The Philippines has accused China’s coastguard of piracy in the disputed South China Sea after a violent confrontation in which it says its boats were rammed, punctured with knives and boarded by Chinese personnel.

One Filipino sailor lost a thumb in the incident, according to the Philippines military, which said Chinese personnel also destroyed communication equipment, seized personal mobile phones and took away unopened cases containing guns.

China has blamed the Philippines for the collision, which happened on Monday, and has said “no direct measures” were taken against Filipino personnel, adding that its coastguards “were professional and restrained”.

However, the Philippines military published a photo on Wednesday of what it said was a Chinese coastguard brandishing an axe at Filipino forces. Another photo showed smashed windshields and communications and navigational equipment on a Philippine navy boat.

The Philippine military released a photograph showing smashed windshields and communications and navigational equipment on a navy boat. Photograph: AP

It is the latest in a series of escalating confrontations between Chinese and Philippine ships in the fiercely contested South China Sea.

China claims almost 90% of the South China Sea – although an international tribunal in The Hague has rejected this. The Philippines, Vietnam, Malaysia, Brunei and Taiwan have overlapping claims.

The US state department spokesperson, Matthew Miller, said on Tuesday that the US condemned the “escalatory and irresponsible actions” by China, saying it “threatens regional peace and stability”. Miller also reaffirmed that the US-Philippines mutual defence treaty extends to “armed attacks on Philippine armed forces, public vessels, or aircraft – including those of its coastguard – anywhere in the South China Sea”.

Monday’s incident took place near Second Thomas Shoal, a submerged reef in the Spratly Islands, which is within the Philippines’ exclusive economic zone. The Philippines had been attempting a resupply mission to the BRP Sierra Madre, second world war era ship, which serves as a military outpost in the shoal’s shallow waters and is a major flashpoint in the region.

Gen Romeo Brawner Jr, the chief of staff of the Philippines armed forces, said: “This is the first time that we saw Chinese coastguard brought bolo knives [a type of single-edged sword] and spears and knives,.” He likened the Chinese behaviour to “piracy”.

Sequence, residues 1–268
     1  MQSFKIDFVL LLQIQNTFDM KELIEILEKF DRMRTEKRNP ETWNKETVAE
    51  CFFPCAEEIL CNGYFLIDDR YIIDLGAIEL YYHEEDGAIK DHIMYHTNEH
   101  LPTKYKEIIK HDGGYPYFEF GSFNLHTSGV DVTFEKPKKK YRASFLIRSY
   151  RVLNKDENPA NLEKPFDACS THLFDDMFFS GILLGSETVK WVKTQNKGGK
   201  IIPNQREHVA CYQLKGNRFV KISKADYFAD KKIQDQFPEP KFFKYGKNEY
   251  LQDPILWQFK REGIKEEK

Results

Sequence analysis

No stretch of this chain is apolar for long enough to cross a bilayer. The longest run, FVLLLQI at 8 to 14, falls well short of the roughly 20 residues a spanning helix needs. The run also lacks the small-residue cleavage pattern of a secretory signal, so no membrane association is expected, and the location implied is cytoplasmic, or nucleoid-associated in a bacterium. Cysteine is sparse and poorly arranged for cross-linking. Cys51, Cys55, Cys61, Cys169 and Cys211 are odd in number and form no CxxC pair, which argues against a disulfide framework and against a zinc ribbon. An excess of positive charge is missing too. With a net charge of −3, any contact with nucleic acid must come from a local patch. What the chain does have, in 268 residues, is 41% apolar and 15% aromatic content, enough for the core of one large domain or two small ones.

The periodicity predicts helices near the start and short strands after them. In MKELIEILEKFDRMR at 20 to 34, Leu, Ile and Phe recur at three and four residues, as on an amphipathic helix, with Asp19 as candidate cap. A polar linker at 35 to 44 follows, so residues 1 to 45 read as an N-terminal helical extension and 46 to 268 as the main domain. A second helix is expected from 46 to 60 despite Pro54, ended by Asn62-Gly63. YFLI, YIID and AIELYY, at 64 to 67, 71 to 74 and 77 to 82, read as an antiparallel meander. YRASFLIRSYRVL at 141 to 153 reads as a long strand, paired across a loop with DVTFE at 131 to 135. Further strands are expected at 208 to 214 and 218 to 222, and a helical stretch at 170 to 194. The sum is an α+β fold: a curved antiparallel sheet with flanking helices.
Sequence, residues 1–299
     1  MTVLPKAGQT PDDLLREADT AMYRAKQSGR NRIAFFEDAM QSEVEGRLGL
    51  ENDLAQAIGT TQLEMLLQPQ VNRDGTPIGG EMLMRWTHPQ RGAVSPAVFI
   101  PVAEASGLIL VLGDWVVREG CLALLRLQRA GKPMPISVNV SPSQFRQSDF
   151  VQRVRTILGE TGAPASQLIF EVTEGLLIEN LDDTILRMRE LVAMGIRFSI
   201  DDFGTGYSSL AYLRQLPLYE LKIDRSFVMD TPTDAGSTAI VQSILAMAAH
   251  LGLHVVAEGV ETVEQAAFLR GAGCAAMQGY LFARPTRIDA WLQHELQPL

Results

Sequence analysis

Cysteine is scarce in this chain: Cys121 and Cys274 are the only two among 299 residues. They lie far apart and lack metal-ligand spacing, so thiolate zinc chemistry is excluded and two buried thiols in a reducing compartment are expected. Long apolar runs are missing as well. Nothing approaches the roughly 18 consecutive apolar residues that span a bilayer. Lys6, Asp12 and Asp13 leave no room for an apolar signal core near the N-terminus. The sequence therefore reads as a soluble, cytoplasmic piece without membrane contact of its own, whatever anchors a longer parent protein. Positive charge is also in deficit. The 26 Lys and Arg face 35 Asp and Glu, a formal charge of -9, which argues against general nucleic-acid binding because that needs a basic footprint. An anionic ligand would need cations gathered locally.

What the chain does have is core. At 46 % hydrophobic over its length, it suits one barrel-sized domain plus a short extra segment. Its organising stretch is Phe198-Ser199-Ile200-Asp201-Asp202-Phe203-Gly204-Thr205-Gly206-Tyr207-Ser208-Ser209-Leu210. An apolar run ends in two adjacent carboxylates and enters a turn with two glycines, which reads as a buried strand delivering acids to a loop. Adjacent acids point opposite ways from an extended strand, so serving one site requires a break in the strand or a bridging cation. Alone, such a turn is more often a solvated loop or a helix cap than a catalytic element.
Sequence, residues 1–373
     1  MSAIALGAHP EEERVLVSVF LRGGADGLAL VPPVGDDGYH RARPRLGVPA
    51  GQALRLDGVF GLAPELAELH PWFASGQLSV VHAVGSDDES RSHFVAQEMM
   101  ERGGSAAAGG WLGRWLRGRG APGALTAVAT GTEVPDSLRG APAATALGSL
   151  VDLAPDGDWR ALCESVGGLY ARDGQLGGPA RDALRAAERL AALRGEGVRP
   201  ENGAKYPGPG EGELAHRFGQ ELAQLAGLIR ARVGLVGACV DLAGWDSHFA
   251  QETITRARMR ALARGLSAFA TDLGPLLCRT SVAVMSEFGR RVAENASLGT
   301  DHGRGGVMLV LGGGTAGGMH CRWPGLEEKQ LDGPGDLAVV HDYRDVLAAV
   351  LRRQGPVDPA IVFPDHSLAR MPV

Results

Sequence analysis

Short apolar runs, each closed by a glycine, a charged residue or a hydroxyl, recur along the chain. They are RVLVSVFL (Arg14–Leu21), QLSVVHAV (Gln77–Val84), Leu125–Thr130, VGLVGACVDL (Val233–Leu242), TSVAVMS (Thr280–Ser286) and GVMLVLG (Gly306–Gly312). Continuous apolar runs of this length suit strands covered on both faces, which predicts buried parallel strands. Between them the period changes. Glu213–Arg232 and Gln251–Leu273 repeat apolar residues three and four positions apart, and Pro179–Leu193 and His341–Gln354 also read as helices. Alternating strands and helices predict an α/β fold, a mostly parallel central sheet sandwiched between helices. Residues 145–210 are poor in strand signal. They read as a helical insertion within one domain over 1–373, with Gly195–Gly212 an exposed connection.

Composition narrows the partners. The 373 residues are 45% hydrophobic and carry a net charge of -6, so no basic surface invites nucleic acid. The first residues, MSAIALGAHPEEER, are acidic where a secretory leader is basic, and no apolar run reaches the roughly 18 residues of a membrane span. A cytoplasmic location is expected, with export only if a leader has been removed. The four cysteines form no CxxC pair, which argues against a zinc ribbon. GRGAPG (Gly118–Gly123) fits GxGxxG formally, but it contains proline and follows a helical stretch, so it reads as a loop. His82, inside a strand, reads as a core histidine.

Filipino personnel had “fought back with our bare hands” after Chinese coastguard personnel from eight vessels boarded their rigid-hulled inflatable boats, he added.

Gen Romeo Brawner Jr, the chief of staff of the Philippines armed forces, said the Chinese coastguard brought spears and knives to the confrontation. Photograph: AP

“I want to clear the impression that our soldiers just let the Chinese coastguard get our equipment, destroy our boats. No, they didn’t let them. We fought back,” he said, but added that they were outnumbered. Guns carried on the Filipino boats“were disassembled and in gun cases” as they were being transported to BRP Sierra Madre and crew onboard were instructed not to display weapons to avoid “misperceptions”.

“They took guns and other equipment, destroyed our equipment onboard, including the motors. They punctured our rigid-hulled inflatable boats,” Brawner added.

Brawner said the Philippines demanded that China return their rifles and equipment and pay for damages caused. The military chief earlier visited a member of the Filipino naval special operations group who lost a thumb in the incident, awarding him with a wounded personnel medal. Philippine media reported at least eight sailors were wounded in the incident, though the navy has not confirmed this.

China’s foreign ministry spokesperson, Lin Jian, said the Philippines was attempting to send construction materials to the shoal, saying: “China coastguard took necessary control measures to stop the Philippine vessels in accordance with the law. The manoeuvres at the scene were professional, restrained, justified and lawful.”

There are concerns that as maritime confrontations escalate, there is a growing risk of a miscalculation that could inadvertently provoke conflict that draws in the US, an ally of the Philippines.

The Philippines president, Ferdinand Marcos Jr, has said that if any Filipino citizen is killed “by a wilful act”, it would be very close to “an act of war”.

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